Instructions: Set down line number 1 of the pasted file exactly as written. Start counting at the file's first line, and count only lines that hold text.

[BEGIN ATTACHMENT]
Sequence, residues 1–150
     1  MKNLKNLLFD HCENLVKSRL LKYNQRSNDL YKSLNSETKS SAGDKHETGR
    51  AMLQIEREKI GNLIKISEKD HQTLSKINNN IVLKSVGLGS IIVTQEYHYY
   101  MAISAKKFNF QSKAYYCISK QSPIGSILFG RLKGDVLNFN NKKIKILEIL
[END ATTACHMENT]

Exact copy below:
Sequence, residues 1–150